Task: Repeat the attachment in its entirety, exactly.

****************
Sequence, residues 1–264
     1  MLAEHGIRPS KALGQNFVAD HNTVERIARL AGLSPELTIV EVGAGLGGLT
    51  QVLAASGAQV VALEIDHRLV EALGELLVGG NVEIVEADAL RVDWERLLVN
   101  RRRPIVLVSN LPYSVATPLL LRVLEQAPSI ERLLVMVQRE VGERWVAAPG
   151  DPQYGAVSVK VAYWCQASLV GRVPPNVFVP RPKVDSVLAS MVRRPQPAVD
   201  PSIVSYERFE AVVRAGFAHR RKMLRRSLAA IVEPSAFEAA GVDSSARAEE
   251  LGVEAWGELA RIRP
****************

Sequence, residues 1–264
     1  MLAEHGIRPS KALGQNFVAD HNTVERIARL AGLSPELTIV EVGAGLGGLT
    51  QVLAASGAQV VALEIDHRLV EALGELLVGG NVEIVEADAL RVDWERLLVN
   101  RRRPIVLVSN LPYSVATPLL LRVLEQAPSI ERLLVMVQRE VGERWVAAPG
   151  DPQYGAVSVK VAYWCQASLV GRVPPNVFVP RPKVDSVLAS MVRRPQPAVD
   201  PSIVSYERFE AVVRAGFAHR RKMLRRSLAA IVEPSAFEAA GVDSSARAEE
   251  LGVEAWGELA RIRP